THE BRAZIL­IAN GP

F1 Racing (UK) - - RACE PREVIEW -

THE MAIN EVENT

The penul­ti­mate round of the 2018 world cham­pi­onship takes place on the un­du­lat­ing Autó­dromo José Car­los Pace cir­cuit, lo­cated in the heart of São Paulo. The track first hosted the Brazil­ian Grand Prix in 1973, un­til the race switched to Rio in the 1980s. A short­ened and re­vamped lay­out re­turned to the cham­pi­onship in 1990 and has featured on the calendar ever since.

In al­ti­tude terms, this is the sec­ond high­est track of the sea­son and the climb from the fi­nal cor­ner, Junçao, to the brak­ing point for the Senna Esses fea­tures a 40 me­tre in­cline, which com­bined with the thin air means it’s a tough cir­cuit for the tur­bocharged power units.

Teams also have to find the ideal compromise be­tween high lev­els of down­force for the twisty in­field sec­tion, while min­imis­ing drag for the straight be­tween Turns 3 and 4.

Add into the mix the typ­i­cally un­pre­dictable Brazil­ian weather, where rain­storms are com­mon­place, and this is of­ten a race that throws up sur­prises.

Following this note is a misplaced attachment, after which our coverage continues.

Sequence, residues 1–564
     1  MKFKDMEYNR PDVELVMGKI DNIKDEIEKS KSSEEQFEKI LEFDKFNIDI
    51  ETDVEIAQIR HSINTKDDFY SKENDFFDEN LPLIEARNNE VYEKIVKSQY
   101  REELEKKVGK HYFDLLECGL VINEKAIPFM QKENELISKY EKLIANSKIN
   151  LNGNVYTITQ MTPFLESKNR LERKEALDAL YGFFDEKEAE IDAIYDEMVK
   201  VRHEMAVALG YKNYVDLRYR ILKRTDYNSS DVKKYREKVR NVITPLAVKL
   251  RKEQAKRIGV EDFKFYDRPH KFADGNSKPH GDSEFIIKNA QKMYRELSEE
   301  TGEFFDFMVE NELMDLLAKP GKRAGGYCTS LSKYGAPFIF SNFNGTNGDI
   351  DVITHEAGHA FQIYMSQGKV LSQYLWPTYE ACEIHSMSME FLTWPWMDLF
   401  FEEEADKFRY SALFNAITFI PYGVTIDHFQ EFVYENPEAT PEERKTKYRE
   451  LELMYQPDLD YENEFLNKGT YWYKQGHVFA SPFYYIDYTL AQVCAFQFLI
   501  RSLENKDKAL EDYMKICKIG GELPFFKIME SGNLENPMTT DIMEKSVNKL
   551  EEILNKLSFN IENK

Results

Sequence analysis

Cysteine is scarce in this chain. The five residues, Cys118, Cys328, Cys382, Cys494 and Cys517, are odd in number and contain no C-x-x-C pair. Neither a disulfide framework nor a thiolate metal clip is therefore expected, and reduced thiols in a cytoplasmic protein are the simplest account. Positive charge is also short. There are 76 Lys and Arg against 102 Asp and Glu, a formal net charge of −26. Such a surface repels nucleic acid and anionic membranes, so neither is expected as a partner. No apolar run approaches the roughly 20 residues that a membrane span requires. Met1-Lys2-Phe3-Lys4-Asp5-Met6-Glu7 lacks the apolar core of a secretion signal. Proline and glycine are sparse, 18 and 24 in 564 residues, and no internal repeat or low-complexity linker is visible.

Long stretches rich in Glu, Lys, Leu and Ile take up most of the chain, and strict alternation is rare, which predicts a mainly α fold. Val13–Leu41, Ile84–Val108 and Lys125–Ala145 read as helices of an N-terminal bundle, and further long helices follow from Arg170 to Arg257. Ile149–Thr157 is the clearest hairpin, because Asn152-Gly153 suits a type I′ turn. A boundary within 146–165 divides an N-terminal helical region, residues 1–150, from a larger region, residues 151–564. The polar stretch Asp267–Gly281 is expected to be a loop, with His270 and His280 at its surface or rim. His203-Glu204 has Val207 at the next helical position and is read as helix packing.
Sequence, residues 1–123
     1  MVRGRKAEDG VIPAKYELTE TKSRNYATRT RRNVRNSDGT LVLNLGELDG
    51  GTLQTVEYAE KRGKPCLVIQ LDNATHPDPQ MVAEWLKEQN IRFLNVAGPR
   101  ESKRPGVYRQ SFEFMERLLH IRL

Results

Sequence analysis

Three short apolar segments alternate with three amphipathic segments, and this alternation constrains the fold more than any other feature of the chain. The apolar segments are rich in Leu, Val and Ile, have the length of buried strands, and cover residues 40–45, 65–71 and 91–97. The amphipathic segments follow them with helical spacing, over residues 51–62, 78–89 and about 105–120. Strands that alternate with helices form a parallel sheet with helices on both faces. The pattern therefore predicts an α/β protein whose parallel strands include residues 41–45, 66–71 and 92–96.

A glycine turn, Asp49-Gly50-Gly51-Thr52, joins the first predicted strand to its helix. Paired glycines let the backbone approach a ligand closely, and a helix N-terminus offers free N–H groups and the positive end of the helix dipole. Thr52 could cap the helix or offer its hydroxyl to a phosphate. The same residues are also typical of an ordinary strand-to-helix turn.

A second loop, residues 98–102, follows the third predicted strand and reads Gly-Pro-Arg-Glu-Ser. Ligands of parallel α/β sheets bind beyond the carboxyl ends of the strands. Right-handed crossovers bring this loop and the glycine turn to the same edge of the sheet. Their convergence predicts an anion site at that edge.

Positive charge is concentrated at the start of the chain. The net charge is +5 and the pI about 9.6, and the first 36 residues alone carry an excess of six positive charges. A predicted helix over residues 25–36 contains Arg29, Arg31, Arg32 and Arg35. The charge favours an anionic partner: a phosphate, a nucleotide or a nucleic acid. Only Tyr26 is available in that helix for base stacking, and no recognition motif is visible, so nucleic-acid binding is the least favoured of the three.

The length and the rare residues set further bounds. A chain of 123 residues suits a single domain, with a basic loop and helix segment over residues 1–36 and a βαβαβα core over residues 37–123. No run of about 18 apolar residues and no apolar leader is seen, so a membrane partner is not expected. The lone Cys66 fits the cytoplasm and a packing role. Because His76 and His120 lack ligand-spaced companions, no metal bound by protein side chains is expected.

CLAS­SIC RACE: 1993

Right from the off, the 1993 Brazil­ian GP was full of drama. Head­ing to­wards Turn 1 at the start, Fer­rari’s Ger­hard Berger tan­gled with the Mclaren of Michael An­dretti and sent the lat­ter fly­ing through the air.

There was more trou­ble for Mclaren when Ayr­ton Senna was given a stop-go penalty for over­tak­ing a back­marker un­der yel­lows. It looked as though all hope of vic­tory was gone for the lo­cal hero, un­til there was a sud­den trop­i­cal down­pour. Senna im­me­di­ately pit­ted for wets as leader Alain Prost – on slicks – aqua­planed into re­tire­ment.

As the track dried, Senna over­took the re­main­ing Wil­liams of Da­mon Hill to se­cure his fi­nal home win.

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